When two good friends are hunting together in a duck blind, what do they talk about? Answer, everything. I have spent enough years in a duck blind that I know that hunters usually have plenty of time to talk about everything.
So it was with two great hunting buddies, Brett Kloepping and Brook Stanbury. Their down time in the duck blind brought about many topics and finally it landed on the subject of an elk hunt. That was about three years ago and it developed into reality last fall.
In early September, Brett and Brook left Bureau County and headed for Colorado to Unit 19, which is north of Rocky Mountain National Park. They had made arrangements through a Colorado outfitter and were on their way to make this dream a reality.
At Fort Collins, they packed their necessary items on horseback. After about a four and a half hour trip, they arrived at their base camp. This is where they would call home for the next 7-10 days. The outfitter would return to get them in 10 days unless they called in an emergency on the radio phones.
The first afternoon, they basically walked around getting their bearings. The next morning, they started with a little more serious attitude, but by noon, they hadn’t seen any. That evening, Brook had a shot at a bull and scored a hit. But try as they would, they couldn’t find the elk. They followed the blood trail for several hours into the dark. Finally, about 1 a.m., they called it quits and went back to camp.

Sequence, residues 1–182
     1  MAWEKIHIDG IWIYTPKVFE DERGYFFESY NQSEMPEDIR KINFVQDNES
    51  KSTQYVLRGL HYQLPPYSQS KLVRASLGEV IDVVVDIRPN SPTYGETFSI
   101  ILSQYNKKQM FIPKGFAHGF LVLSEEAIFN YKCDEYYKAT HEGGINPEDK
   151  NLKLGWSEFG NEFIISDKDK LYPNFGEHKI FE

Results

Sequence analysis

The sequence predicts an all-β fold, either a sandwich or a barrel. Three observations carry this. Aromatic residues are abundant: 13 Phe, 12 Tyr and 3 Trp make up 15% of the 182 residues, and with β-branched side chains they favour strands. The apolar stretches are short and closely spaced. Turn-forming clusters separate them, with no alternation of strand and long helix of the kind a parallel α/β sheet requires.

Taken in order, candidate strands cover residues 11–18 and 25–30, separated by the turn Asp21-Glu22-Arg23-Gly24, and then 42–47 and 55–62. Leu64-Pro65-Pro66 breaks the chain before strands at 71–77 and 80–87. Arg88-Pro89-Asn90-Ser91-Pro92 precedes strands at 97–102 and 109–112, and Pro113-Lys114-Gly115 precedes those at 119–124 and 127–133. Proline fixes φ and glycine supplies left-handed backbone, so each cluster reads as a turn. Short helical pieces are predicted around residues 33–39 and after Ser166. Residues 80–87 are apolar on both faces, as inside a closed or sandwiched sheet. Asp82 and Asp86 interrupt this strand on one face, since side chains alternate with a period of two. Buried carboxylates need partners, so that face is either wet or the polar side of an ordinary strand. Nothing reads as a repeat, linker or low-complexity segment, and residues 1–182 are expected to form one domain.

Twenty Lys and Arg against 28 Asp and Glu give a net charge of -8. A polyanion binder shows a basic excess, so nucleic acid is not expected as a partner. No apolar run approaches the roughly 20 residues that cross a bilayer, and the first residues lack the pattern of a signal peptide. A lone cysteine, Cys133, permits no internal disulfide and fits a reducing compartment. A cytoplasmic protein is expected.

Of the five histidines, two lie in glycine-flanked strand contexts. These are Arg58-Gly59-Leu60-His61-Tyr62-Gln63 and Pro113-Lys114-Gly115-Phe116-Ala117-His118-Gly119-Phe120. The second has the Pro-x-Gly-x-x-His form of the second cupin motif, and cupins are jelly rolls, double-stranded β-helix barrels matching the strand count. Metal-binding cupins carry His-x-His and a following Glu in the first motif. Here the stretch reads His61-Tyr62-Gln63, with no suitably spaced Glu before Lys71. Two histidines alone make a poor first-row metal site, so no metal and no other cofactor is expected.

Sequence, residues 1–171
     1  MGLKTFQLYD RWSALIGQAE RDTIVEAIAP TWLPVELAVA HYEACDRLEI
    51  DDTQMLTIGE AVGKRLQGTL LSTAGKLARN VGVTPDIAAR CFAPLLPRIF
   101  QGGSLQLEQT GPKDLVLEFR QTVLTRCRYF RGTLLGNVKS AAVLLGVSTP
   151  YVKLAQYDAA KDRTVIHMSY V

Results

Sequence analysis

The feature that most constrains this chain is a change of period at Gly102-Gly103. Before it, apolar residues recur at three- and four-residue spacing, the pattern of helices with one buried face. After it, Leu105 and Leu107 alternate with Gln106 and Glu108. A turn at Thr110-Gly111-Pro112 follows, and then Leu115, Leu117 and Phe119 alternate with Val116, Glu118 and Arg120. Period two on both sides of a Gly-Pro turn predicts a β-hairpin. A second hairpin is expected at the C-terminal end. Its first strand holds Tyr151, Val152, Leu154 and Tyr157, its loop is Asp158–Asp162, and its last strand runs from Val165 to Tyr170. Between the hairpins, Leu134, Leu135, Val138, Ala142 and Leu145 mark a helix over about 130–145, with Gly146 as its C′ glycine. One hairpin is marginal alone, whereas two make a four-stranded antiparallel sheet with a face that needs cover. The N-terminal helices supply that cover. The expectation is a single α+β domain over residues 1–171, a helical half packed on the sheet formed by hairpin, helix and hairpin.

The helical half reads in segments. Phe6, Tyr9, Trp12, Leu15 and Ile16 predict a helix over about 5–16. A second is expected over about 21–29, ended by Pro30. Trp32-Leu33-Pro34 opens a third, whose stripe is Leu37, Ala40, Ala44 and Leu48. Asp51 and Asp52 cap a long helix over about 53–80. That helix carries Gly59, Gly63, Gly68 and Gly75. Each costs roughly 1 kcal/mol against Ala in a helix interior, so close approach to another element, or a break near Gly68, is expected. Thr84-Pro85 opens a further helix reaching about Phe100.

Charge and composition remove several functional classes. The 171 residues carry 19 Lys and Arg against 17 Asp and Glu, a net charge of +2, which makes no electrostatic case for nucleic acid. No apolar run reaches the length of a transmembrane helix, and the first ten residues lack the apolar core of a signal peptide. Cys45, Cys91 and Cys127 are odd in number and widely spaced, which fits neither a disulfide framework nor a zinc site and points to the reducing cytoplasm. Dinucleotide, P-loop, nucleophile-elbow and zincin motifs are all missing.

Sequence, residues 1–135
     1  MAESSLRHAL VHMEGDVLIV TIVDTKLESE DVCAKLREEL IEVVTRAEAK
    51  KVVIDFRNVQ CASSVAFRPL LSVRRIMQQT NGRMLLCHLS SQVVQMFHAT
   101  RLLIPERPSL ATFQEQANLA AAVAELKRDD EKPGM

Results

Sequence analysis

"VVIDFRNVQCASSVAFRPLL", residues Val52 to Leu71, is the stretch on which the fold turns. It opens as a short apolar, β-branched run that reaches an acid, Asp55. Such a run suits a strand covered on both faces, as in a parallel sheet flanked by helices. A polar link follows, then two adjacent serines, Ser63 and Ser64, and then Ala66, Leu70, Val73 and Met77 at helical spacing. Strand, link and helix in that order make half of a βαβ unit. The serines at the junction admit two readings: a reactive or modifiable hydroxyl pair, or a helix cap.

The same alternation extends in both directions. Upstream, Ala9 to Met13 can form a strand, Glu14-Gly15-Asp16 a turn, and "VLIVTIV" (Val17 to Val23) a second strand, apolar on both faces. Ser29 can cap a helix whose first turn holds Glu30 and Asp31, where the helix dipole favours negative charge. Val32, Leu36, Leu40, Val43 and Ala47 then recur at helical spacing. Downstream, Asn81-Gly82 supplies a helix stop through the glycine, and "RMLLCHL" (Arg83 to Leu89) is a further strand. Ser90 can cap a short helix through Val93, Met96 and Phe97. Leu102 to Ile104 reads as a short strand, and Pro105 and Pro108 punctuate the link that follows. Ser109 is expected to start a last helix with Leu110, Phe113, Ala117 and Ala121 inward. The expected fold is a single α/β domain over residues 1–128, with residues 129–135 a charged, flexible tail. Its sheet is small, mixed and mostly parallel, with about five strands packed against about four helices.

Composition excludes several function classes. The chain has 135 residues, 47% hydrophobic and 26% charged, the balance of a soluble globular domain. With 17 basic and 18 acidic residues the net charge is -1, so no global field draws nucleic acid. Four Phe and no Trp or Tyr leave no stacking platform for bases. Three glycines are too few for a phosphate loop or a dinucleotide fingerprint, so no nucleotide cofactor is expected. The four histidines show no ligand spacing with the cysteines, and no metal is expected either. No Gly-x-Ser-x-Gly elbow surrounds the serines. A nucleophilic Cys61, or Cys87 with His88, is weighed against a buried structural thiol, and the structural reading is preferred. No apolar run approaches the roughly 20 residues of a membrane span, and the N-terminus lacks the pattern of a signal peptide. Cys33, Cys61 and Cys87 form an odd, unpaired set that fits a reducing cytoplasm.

Due to the late hour tracking, the next day of hunting didn’t start until late morning. Brett and Brook hunted most of the afternoon seeing nothing. Then shortly after 5 p.m., they separated about a quarter mile to sit and wait in a good hiding place.
Shortly after 7 p.m., Brett witnessed a cow and two calves walking up the hill toward him. When she got about 30 yards from him, she stopped. A short distance behind them was a bull. The calves bumped into the cow causing her to move forward. Then the bull walked into the same spot and stopped. Brett’s heart was in his throat but he was ready. He released the arrow and it found its mark. The bull turned 180 degrees and ran about 30 feet near some bushes and fell over.
Brett called Brook and soon they were together ready to find the bull. Brett had seen him fall and it had been a half hour, so they went after him. Sure enough, there he was. He was huge. Now reality began to set in and Brett was shaking all over. He knew it was big, but NOT that big. His buddy Brook shared his enthusiasm.
Then they began to field dress the bull. They quartered it, caped it and got it ready to travel in the morning. They headed back to camp and called the outfitter who would bring pack horses the next morning to cart it out. Brett and Brook stayed 4-5 more days. Then it was back to Fort Collins.
The outfitters at Fort Collins told Brett that this was the largest elk taken by bow in Unit 19. By Pope and Young standards, it scored a whopping 353 points. The butcher who processed the rest of the meat said he thought the bull would have been 1,000 pounds on the hoof. Matter of fact, the outfitter told Brett that this elk beat those taken by rifles in their unit.
A lot didn’t sink in right away, but the modest Brett Kloepping was thrilled.
“The fact that my long time friend and hunting partner got to share it with me. That’s what made it special,” he said.
Lee Wahlgren is the BCR Outdoor Columnist. Contact him at firstname.lastname@example.org